In the event of the machine having passed from the logical decision 113 to the stage 112, a microinstruction must be carried out in two stages, such as, for example, a double addressing in the S.P. 16. On the other hand, the microinstructions interrogating the RAM 3 which have the bit of greater weight F4 = 0, while being carried out in two stages, come within the alternative case of direct passage to TAS2 after the reading through the medium of the decision 114, without passing through TAS1. These last microinstructins are concluded in the state TAS4 (stage 115). In practice, the addresses are handled in the state TAS2 and the data are handled in the state TAS4.
For all the remaining microinstructions which require a single addressing of the S.P. 16, the flow of states includes the state TAS2 occurring immediately after the reading of the microinstruction. These microinstructions are exhausted in the state TAS2, the command DMGM emitted by the network 24 and characteristic of the microinstructions interacting with the RAM3 not being present. In this case, there is a return from the logical decision 116 to the stage 110.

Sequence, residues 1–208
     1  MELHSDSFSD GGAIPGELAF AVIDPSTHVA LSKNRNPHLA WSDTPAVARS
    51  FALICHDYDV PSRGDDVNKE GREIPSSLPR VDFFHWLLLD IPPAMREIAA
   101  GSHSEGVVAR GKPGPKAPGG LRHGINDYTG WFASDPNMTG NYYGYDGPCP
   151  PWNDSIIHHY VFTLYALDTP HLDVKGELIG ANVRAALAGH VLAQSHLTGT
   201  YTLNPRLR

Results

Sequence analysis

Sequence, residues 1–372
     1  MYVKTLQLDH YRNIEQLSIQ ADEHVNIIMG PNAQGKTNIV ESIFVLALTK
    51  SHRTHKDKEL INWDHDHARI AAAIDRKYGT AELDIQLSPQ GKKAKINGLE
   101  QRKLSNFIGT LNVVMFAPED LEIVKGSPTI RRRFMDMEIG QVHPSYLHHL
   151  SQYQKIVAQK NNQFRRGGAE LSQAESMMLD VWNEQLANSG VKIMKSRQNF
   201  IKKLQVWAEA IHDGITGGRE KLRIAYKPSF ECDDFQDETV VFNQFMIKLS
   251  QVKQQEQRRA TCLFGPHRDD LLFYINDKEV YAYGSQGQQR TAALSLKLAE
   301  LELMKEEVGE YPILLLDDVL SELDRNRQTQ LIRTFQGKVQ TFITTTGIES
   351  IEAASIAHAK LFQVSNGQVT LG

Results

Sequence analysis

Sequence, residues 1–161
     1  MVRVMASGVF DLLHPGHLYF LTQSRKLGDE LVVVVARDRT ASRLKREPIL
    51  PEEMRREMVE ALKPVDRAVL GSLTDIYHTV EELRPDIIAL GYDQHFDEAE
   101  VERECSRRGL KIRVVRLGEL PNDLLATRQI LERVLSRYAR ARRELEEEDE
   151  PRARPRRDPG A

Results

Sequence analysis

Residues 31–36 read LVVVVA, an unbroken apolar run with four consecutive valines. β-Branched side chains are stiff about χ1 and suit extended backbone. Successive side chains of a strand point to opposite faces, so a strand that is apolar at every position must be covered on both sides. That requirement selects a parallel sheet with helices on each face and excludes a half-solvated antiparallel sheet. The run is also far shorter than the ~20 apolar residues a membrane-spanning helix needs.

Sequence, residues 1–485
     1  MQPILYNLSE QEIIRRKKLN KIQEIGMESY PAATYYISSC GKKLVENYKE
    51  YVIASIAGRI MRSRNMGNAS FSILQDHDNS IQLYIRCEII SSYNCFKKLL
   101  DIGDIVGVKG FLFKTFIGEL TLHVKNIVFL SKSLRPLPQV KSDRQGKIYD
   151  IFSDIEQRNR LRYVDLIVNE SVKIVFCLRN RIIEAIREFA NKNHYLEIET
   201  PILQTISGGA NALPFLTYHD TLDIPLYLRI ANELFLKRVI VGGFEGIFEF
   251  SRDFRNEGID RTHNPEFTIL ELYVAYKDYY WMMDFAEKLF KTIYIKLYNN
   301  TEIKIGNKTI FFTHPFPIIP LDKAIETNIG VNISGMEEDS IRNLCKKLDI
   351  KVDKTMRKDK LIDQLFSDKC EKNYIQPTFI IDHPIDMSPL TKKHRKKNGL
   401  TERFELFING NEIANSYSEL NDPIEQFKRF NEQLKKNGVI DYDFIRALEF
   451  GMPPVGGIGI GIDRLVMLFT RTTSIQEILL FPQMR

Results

The microinstruction RIN (Read and Increment) reads the memory RAM3 at the address contained in the register R of the SP 16 identified by the operand Y in the register S of the SP 16 identified by the operand X, and increases the address by 1.
The microinstruction SIN (Store and Increment) stores in the memory RAM3 the contents of the register S of the SP 16 identified by the operand X, at the address stored in the register R of SP 16 identified by the operand Y, and increases the address by 1.